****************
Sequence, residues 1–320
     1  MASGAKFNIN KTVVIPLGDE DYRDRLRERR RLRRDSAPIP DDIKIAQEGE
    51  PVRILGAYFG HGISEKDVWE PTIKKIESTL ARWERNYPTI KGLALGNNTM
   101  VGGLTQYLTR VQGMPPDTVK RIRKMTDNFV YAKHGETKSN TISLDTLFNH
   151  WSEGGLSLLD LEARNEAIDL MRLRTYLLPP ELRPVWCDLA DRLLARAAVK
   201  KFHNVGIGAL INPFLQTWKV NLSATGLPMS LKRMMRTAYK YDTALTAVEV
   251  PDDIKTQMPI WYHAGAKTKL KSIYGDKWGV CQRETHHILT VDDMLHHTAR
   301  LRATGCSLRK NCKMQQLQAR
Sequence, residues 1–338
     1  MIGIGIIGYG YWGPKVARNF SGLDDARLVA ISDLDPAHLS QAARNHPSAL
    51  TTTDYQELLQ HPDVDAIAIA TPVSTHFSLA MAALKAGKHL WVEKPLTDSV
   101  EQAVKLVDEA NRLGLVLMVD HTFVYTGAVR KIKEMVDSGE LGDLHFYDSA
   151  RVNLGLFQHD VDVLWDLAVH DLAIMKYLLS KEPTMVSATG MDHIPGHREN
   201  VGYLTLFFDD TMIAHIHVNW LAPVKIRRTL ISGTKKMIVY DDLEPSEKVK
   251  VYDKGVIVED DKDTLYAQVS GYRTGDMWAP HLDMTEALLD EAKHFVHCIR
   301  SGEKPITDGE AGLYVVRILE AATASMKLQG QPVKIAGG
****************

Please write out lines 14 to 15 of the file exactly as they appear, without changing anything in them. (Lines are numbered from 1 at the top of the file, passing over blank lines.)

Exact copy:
   201  VGYLTLFFDD TMIAHIHVNW LAPVKIRRTL ISGTKKMIVY DDLEPSEKVK
   251  VYDKGVIVED DKDTLYAQVS GYRTGDMWAP HLDMTEALLD EAKHFVHCIR